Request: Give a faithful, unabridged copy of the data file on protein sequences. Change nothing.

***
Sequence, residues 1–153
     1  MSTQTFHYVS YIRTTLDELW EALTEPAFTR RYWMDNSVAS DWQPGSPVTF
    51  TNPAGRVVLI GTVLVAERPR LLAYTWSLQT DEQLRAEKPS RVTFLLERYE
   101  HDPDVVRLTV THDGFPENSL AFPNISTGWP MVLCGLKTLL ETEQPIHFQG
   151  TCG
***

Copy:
Sequence, residues 1–153
     1  MSTQTFHYVS YIRTTLDELW EALTEPAFTR RYWMDNSVAS DWQPGSPVTF
    51  TNPAGRVVLI GTVLVAERPR LLAYTWSLQT DEQLRAEKPS RVTFLLERYE
   101  HDPDVVRLTV THDGFPENSL AFPNISTGWP MVLCGLKTLL ETEQPIHFQG
   151  TCG